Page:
What do you think your chances are of making it as notable musical artists? Pretty slim, right? What about if you’re not already born into financial success, if you socioeconomic status is closer to the lower 50% than the highest ten, if your Daddy doesn’t know someone else’s Daddy, if you weren’t already on the Disney cocking Channel? Honestly. next to zero. Like, right next to. Absolute zero. Sorry.
How about rap music though?? The supposed authentic ‘sound of the street’, where the idea of hustling your way out of economic barriers and the laughable inequalities into which you were born are valued especially high? A genre where being born into prosperity or privilege are looked upon with particular distrust? A music and a way of life that has long been appreciated as the one direction out of poverty for people desperate to find some sort of alternative? What kind of chance does that offer? I mean, seriously? It’s still pretty freaking low, right? It’s not like you’re the one person who had that idea, and many of your peers will be actually really good at what they do and still struggle to achieve the success that you so crave. It’s another longshot, sorry.
However, how does that slim to none chance at making it in rap music compare to your chances of socioeconomic mobility in literally any other field? Social mobility has especially stagnated in the last five or so years, and if you want any clue as to what kind of money you’ll be earning in the future, simply look at what your parent/s earn, as there’s next to no chance you’ll earn more and instead far more likely you’ll earn less. Also, when your parent/s were your age, houses cost about £124.99 for a double bedroom attached, o you’re almost definitely far behind with that as well. So, fuck it, start prepping that SoundCloud mixtape, as the chances of success are slightly more likely than playing the lottery, and both are far more reliable routes to success than any accepted route. So pull yourself up by your House Trap and make something of yourself!
slowthai, with his infuriating lowercase name, had seemed to have made it back in 2019. His debut album has marked him out as a true voice amongst the working class, and one tiny success story amongst a forgotten generation, his songs were musically dark and his lyrics were unashamedly political. slowthai was raised by a single mother (of Barbadian descent) on a Northampton council estate, forever ethnically deemed ‘black’ black under the much loved ‘One Drop Rule‘, did Tyron’s lighter skin somehow contribute the amount of success he was permitted to achieve? I will now talk at length about colourism in popular culture:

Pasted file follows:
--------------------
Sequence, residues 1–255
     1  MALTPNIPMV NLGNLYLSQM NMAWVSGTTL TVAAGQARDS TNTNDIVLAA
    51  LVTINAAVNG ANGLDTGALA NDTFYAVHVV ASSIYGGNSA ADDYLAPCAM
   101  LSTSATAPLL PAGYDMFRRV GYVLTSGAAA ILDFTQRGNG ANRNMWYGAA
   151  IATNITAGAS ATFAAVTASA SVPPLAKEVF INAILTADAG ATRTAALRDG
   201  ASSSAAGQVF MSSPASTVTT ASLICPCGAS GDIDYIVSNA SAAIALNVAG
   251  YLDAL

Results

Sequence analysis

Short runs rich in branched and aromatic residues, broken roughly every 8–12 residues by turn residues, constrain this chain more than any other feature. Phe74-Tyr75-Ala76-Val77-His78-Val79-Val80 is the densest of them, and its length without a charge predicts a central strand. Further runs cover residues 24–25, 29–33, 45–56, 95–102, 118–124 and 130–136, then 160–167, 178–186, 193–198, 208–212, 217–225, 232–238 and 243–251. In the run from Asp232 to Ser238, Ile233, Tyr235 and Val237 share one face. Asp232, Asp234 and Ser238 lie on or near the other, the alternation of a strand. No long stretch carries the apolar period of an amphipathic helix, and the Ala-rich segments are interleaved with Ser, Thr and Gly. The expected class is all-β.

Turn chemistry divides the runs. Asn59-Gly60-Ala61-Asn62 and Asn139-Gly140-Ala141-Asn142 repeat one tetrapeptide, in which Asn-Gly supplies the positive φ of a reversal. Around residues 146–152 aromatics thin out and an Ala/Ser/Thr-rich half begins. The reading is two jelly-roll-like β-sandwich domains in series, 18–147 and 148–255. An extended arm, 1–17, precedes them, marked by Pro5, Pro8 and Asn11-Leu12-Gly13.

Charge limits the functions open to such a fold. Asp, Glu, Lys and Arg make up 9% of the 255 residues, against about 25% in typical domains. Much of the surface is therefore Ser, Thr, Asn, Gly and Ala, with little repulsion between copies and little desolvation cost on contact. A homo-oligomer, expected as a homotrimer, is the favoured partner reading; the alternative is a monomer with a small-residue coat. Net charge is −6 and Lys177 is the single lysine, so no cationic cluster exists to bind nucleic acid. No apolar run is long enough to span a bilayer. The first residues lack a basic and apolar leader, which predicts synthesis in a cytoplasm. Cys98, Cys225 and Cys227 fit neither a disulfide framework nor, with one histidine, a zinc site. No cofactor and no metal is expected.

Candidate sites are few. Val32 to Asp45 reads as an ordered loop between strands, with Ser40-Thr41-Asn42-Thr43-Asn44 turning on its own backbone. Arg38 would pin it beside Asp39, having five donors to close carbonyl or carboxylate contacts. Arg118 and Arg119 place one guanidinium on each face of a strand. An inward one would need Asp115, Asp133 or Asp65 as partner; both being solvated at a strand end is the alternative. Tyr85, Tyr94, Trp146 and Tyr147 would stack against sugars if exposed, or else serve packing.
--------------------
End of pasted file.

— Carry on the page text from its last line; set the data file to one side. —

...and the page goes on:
Nah, only joking – I do want to finish this post before 2022, you know?? – I’m actually just gonna talk about that time he made a prick of himself at the NME Awards.
The NME Awards in 2020 were truly shocking. Really?? They’re still doing these awards? It’s unfortunate that they seemed to have stop naming a ‘Villain/Dickhead of the Year’ as of the year of Tyron’s 2020 performance, I used to love that award. George W Bush won it in 2004, 2006, 2007, 2008, and 2009 (it wasn’t awarded in 2005, when everyone was just really nice), before finally being toppled by Kanye West in 2010. Harry Styles won it in 2013 and 2014, after those illegal wars against the Middle East that Styles forced the Western World into, unsettling the peace of the Earth for time immemorial. They also, regrettably, seem to have stopped giving out an award for the ‘Hottest/Sexiest Man’, which Muse’s Matt Bellamy won four times.